Litigation friend cases
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|Case and summary||Date added||Categories|
|* Pregnancy - OS out-of-hours representation Guy's and St Thomas' NHS Foundation Trust v X  EWCOP 35 — (1) Official Solicitor's lack of out-of-hours service: "... I invite the Official Solicitor to urgently review this position and consider putting in place arrangements that will ensure appropriate representation out of normal court hours for those individuals who are the subject of urgent applications that potentially involve serious medical treatment. ... [E]very effort must be made to issue such applications during normal court hours." (2) Pregnancy: "Having considered the submissions of the parties there is, in my judgment, in accordance with s 48 Mental Capacity Act 2005, reason to believe that X lacks capacity in relation to the matter, namely the medical intervention that may be necessary for X to give birth to a baby who is safe and well. On the evidence the court has from Dr Y, which I accept, his assessment is X is unable to reconcile her conflicting beliefs (on the one hand of wanting a natural birth and also wanting a live, well and safely born baby) in a way that she is able to balance the pros and cons. Additionally, there is, in my judgment, a real risk the position is unlikely to change and is more likely to deteriorate. He concluded X showed limited insight in relation to her previous mental ill- health. I have carefully considered the submissions on behalf of the Official Solicitor regarding capacity but looking at all the evidence and information available to the court I am satisfied the interim declaration should be made."||2019‑08‑19 23:28:47||2019 cases, Cases, Judgment available on Bailii, Litigation friend cases, Medical treatment cases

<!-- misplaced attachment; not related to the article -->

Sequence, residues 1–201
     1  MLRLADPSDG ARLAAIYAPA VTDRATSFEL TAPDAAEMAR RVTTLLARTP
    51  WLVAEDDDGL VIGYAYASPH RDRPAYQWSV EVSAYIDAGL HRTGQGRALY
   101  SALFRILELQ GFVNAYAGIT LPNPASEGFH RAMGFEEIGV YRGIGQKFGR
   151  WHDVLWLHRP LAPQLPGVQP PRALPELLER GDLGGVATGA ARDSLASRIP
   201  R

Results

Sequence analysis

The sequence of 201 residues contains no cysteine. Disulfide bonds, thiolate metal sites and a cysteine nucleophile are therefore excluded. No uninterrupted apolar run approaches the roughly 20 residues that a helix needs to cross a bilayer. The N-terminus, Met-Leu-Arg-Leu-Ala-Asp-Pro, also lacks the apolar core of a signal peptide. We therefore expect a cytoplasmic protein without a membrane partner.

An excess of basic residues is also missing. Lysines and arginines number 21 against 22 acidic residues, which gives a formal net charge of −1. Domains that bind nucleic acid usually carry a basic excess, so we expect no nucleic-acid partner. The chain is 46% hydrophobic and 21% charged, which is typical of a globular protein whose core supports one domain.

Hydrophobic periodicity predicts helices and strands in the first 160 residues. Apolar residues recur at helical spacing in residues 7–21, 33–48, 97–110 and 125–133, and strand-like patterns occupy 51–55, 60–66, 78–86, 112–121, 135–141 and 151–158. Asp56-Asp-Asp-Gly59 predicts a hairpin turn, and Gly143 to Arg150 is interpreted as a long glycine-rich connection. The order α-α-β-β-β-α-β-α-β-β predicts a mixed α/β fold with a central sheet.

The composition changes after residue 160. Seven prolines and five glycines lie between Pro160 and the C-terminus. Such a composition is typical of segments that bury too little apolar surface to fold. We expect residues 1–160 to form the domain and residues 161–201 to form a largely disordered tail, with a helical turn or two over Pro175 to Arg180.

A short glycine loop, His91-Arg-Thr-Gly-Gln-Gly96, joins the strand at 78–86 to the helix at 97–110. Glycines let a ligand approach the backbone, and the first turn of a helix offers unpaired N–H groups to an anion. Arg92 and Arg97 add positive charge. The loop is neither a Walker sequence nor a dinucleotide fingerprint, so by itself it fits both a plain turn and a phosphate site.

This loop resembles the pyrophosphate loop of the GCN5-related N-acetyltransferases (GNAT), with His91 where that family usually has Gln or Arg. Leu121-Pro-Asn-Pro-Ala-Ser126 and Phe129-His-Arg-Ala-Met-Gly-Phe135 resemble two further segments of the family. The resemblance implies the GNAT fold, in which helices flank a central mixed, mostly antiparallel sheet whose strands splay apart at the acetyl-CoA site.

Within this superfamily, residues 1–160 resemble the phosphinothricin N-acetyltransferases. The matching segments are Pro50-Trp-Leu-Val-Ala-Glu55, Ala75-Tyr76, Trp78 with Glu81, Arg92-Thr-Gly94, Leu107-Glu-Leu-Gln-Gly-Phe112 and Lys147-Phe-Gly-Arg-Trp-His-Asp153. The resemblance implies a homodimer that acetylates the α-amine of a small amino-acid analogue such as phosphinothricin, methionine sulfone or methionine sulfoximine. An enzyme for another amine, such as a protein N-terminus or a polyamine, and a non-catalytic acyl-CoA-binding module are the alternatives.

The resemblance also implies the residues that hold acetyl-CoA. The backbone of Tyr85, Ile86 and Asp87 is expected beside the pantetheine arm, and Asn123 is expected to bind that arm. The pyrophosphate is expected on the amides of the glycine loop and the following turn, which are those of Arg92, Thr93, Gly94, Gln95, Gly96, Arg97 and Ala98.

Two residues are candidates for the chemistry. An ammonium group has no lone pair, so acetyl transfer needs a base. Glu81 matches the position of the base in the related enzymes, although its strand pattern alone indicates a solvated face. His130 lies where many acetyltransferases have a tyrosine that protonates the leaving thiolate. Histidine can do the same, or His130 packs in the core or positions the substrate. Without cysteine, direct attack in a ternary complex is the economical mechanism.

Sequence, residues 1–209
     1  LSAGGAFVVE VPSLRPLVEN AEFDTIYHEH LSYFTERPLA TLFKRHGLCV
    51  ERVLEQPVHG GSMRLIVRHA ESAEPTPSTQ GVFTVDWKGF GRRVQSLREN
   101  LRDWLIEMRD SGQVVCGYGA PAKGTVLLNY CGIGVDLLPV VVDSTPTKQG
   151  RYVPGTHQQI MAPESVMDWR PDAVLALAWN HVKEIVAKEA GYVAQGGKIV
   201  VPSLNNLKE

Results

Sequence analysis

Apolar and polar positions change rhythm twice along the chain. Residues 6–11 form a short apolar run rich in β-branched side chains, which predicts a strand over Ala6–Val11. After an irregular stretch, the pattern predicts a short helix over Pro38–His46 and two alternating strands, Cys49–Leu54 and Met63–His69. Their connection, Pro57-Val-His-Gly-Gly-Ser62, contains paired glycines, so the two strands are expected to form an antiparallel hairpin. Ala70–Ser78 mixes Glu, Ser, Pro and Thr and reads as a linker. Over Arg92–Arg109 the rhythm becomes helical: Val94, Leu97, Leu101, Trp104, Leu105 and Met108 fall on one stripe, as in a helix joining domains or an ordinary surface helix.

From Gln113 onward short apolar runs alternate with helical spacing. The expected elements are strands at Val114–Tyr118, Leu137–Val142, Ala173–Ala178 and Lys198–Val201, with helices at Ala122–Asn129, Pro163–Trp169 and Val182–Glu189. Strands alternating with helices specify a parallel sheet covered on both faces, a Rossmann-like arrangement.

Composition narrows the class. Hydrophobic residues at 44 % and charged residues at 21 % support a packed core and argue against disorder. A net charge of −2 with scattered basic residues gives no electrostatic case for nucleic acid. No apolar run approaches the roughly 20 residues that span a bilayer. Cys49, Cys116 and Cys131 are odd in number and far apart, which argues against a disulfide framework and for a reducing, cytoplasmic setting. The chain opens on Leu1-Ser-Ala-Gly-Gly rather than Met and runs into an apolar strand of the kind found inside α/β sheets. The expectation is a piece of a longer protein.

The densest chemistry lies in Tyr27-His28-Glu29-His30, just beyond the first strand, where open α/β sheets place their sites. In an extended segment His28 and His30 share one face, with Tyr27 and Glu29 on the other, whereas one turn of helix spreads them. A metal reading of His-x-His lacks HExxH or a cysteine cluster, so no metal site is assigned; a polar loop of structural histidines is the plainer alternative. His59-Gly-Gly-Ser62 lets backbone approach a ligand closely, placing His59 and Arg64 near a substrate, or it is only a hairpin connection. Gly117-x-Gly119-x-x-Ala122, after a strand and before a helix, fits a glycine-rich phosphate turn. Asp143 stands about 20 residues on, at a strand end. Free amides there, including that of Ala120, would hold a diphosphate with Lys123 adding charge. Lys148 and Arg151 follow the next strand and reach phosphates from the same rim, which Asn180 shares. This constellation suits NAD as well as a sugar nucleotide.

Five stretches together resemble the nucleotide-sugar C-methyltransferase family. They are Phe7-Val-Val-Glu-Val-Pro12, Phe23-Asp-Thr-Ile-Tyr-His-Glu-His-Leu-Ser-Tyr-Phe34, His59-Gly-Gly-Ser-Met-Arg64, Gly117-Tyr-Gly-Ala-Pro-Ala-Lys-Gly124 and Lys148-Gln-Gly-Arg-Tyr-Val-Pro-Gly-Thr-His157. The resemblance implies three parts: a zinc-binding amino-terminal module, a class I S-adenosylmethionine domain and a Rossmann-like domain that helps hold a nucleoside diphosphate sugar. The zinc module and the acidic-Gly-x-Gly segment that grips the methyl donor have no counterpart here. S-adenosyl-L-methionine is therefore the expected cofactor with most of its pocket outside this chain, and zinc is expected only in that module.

|* Immigration tribunal - fair hearing, litigation friends AM (Afghanistan) v SSHD  EWCA Civ 1123 — In this judgment the Court of Appeal gave guidance on the general approach to be adopted in FTT and UT immigration and asylum cases to the fair determination of claims for asylum from children, young people and other incapacitated or vulnerable persons whose ability to effectively participate in proceedings may be limited. In relation to litigation friends, despite there being no provision in the tribunal rules for litigation friends, the court decided that: "[T]here is ample flexibility in the tribunal rules to permit a tribunal to appoint a litigation friend in the rare circumstance that the child or incapacitated adult would not be able to represent him/herself and obtain effective access to justice without such a step being taken. In the alternative, even if the tribunal rules are not broad enough to confer that power, the overriding objective in the context of natural justice requires the same conclusion to be reached."||2019‑07‑26 20:29:51||2017 cases, Cases, ICLR summary, Judgment available on Bailii, Litigation friend cases, Repatriation cases
|* Litigation friends for children in immigration tribunal proceedings R (JS) v SSHD  UKUT 64 (IAC) — The Upper Tribunal provided mainly age-based guidance on whether a child applicant in immigration proceedings requires a litigation friend, and on the role of the litigation friend.||2019‑02‑21 14:41:38||2019 cases, Cases, Judgment available on Bailii, Litigation friend cases, Repatriation cases
|* Litigation friend under employment tribunal rules Jhuti v Royal Mail Group Ltd (Practice and Procedure) (2017) UKEAT 0062/17 — Summary from judgment: "While there is no express power provided by the ETA 1996 or the 2013 Rules made under it, the appointment of a litigation friend is within the power to make a case management order in the 2013 Rules as a procedural matter in a case where otherwise a litigant who lacks capacity to conduct litigation would have no means of accessing justice or achieving a remedy for a legal wrong."||2018‑03‑28 22:58:54||2017 cases, Cases, ICLR summary, Judgment available on Bailii, Litigation friend cases, Powers
The following 4 pages are in this category.